Linutop 2.2: A desktop where smaller is better
A shift from multi-core power-gobbling monsters toward whisper-quiet systems with single-digit power consumption is rippling through the desktop market. This trend plays right into the hands of a Paris-based company called Linutop, which offers a miniature Linux-based desktop system. The latest version of the machine appeals to customers who are in the market for a machine with green credentials and low maintenance costs. After testing one myself, I found the tiny desktop has a lot going for it.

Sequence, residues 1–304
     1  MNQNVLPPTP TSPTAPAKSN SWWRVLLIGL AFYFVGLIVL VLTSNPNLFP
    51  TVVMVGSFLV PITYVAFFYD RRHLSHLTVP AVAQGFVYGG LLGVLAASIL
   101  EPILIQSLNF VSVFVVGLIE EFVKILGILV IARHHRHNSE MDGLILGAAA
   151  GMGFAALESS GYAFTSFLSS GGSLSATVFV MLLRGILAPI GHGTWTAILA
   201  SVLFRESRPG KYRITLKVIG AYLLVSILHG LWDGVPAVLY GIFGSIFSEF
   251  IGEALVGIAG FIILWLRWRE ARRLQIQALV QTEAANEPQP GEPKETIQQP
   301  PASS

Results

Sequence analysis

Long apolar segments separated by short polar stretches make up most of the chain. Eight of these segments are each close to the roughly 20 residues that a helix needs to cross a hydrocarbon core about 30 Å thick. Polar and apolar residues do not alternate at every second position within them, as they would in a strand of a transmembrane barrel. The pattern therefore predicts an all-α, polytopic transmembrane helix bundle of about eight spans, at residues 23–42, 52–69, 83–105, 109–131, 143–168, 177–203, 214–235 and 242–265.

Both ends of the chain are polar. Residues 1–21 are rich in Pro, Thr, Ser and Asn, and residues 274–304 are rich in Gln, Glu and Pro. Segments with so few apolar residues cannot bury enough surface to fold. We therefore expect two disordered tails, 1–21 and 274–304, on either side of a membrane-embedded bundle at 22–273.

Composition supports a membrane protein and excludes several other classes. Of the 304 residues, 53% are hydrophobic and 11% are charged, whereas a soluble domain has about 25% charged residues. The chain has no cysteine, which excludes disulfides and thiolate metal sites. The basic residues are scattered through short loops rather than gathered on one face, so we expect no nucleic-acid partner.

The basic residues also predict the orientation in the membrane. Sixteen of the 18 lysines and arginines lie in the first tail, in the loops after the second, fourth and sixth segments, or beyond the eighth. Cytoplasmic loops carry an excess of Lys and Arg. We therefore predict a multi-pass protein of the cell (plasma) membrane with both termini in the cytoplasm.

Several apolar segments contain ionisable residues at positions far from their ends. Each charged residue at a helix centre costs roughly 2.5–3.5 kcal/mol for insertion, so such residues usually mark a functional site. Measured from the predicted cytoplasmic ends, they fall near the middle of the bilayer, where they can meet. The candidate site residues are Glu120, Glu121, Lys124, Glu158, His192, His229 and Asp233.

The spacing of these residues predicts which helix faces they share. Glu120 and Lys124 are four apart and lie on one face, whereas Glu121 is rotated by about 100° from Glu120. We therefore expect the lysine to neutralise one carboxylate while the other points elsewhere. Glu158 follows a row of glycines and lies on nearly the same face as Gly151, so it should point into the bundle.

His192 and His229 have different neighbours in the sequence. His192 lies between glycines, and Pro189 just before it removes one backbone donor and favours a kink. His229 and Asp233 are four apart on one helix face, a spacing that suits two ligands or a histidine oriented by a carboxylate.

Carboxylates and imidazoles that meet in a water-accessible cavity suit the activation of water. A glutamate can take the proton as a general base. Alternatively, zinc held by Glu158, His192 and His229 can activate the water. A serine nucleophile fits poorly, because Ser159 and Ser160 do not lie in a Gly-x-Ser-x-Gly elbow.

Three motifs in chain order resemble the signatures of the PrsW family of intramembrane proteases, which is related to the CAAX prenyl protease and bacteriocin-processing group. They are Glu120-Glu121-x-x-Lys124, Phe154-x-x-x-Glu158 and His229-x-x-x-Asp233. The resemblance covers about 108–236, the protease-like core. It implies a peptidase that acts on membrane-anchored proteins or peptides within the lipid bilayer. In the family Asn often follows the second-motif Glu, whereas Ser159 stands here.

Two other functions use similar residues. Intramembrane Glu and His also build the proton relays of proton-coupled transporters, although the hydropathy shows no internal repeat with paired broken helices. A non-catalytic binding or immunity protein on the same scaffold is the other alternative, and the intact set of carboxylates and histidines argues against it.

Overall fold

Linutop arrived in a tiny box that is even smaller than the Mac mini packaging. The contents of the box are refreshingly minimal: a Linutop unit, a power supply, and a power cord. There are no printed manuals, quick start guides, backup DVDs, or other paraphernalia. But you probably won't miss that stuff anyway: the information necessary for setting up and configuring the machine is available on Linutop's Web site, and if you want to back up your system software, you can do it using Linutop's own software utility.
Despite its minute size (the machine measures 14x14x3.5cm or about 5.5x5.5x1.4in and weighs only 580g), Linutop is built like a tank.